How to Choose the Right Nails Part 2

Specialized Nails

For each application, there are nails that have been designed to offer the appropriate strength and grip. Some A pile of two-inch nailsmaterials even have custom-made nails for each product. Using the right nail for each job will mean that your work lasts longer and can reduce expensive callbacks. For example, using the incorrect nail for a sub-floor installation could result in squeaky floors, uneven surfaces and bounce.

Nails can be common or sinkers with common nails having a flathead while sinkers have a corrugated head. This helps to provide grip for hammers so that they don’t glance off the nail head. Sinkers often have a coating which provides protection against rust while common nails do not.

Nail Coatings

Nails utilized for indoor applications are not suitable for outdoor fastening. Nails that are used outdoors have special coatings which can help to reduce rust. Using an indoor nail will result in rust, which will leach through and stain the wall before corroding and, ultimately, failing.

There are various coatings which are used to enable outdoor nails to last longer:

Bright: Nails with no coating are brighter (hence the name) and will corrode if exposed to water or humidity. They should only be used for indoor applications and not in treated lumber. These are most often used for trims and finishes and indoor framing.

Heat Treated: The metal from which these nails are manufactured is heated to extreme temperatures and then quickly cooled to produce a hardened steel. While this improves the strength of the fastener, it does not protect against rust, so these are also strictly for indoor applications. They are suitable for masonry and concrete.

Hot Dip Galvanized (HD): These nails have a coating of zinc which helps to prevent corrosion. However, the coating will wear off over time and the nails will eventually rust. They are often used for outdoor applications and can be exposed to moisture.

Electro Galvanized (EG): Less robust than HD nails, EG nails do have a thin coating of zinc which will prevent rusting. They are able to withstand occasional moisture and are most often used in bathrooms, kitchens and other indoor areas where moisture is present. They will, however, not withstand the weather and are not suitable for outdoor applications. Roofing nails are all EG, but they should not be exposed to weather if installed correctly and are generally replaced before they are able to rust.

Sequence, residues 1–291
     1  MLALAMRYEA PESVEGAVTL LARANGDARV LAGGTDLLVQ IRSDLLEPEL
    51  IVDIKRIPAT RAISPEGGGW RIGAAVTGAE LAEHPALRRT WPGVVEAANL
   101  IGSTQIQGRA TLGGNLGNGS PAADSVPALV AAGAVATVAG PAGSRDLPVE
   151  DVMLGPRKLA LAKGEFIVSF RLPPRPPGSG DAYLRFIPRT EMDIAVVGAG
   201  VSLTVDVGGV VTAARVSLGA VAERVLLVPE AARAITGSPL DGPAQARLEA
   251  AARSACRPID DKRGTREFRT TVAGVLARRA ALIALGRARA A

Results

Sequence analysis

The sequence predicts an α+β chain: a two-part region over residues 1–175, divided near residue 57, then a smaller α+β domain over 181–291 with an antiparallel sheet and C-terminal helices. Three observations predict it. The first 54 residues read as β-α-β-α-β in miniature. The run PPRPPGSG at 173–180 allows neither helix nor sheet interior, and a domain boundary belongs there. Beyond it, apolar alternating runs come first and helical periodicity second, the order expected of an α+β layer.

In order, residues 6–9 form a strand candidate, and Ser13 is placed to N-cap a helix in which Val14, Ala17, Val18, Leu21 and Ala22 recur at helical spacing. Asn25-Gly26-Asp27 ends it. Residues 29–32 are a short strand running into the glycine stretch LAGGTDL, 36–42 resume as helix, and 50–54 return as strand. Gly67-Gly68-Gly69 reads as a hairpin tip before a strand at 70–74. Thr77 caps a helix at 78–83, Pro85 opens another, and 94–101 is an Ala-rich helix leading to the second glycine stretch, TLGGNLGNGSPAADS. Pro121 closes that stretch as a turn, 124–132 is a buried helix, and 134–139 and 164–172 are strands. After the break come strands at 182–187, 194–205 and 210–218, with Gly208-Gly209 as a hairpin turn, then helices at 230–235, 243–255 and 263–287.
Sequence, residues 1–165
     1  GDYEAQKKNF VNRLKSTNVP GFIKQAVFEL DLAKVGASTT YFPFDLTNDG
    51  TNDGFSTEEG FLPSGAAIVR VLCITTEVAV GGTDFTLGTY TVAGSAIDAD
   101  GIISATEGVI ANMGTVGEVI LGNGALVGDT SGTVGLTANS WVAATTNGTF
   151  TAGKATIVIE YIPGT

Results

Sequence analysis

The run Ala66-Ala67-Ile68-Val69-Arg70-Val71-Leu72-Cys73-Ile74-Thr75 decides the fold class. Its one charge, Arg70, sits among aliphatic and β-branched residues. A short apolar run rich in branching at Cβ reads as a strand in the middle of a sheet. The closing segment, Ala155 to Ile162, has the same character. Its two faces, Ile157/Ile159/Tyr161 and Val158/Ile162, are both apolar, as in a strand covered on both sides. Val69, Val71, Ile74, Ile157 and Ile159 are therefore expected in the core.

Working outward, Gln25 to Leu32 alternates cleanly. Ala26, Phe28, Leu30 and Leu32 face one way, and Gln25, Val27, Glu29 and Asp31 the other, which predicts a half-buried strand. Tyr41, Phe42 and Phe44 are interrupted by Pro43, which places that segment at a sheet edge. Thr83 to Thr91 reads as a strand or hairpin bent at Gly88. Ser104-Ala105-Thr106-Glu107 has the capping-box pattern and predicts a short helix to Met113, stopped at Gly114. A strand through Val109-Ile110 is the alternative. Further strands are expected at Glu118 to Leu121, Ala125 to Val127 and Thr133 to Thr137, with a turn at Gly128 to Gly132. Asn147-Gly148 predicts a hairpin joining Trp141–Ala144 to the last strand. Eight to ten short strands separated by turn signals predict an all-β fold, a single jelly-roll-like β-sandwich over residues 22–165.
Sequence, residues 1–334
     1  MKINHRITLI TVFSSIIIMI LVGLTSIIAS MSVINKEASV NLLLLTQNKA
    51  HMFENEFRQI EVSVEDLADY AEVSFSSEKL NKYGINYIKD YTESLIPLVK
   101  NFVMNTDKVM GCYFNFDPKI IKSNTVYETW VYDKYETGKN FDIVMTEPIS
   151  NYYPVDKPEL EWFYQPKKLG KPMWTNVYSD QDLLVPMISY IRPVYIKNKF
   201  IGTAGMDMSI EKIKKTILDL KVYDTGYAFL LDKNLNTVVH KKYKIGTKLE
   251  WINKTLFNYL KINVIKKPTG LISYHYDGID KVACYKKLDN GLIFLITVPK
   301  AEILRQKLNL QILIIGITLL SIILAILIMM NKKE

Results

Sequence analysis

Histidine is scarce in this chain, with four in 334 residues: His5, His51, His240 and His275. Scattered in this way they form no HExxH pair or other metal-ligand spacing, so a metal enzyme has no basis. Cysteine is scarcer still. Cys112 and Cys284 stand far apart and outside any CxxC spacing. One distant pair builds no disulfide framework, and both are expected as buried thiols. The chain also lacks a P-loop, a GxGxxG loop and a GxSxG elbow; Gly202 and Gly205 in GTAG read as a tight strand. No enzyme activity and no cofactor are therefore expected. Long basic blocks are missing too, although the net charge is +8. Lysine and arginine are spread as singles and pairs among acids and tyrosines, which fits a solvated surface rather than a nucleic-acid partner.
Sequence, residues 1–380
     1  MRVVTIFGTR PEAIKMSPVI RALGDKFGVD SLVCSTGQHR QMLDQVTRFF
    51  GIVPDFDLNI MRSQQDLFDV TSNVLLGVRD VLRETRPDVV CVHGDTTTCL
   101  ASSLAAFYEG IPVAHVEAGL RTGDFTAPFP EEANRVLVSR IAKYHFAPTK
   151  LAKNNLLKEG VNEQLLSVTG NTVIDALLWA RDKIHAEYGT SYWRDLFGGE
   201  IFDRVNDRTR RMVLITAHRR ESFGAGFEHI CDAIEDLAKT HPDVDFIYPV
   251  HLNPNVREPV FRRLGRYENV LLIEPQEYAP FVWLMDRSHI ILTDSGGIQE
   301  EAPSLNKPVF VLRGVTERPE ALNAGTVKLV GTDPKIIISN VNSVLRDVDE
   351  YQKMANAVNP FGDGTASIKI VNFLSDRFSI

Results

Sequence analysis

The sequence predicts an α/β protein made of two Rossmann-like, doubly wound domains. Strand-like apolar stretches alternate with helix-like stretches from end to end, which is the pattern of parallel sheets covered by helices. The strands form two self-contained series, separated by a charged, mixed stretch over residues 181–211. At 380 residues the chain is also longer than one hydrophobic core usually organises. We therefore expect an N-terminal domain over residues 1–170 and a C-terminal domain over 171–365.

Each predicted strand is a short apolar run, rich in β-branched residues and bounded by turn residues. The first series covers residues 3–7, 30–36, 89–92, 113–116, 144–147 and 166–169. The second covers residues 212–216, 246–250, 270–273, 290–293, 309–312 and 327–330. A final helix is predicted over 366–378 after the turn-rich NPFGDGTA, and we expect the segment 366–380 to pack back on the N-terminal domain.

Stainless Steel (SS): These offer the highest corrosion protection as the strength of an SS nail is not compromised by rust. They may rust over, but will always retain their strength. Suitable for outdoor and indoor applications. Some pressure-treated material require stainless steel nail as they will not react with the treatment.

Phosphate: This coating is utilized to reduce friction and corrosion. Most often used to install drywall, is for interior use and not suitable for treated lumber.

PPG 1,000hr E-Coat: Originally designed for use in the automobile industry, the impressive corrosive protection it offers has been extended to construction applications. PPG E-Coat is available in a variety of colors. Nails are plated with zinc and zinc nickel and then electro-coated to provide the ultimate in rust protection.

Vinyl: This kind of coating enables the nails to be driven in easier and offers a superior grip. Vinyl does not protect against corrosion, so vinyl-coated nails are only suitable for interior applications.

Yellow Zinc: This coating offers slightly better protection against corrosion than EG. These nails are for indoor applications.

Areas near the coast which have a high salt content will have to reply on HG, PPG E-Coat or stainless steel nails as the salt accelerates the erosion process.

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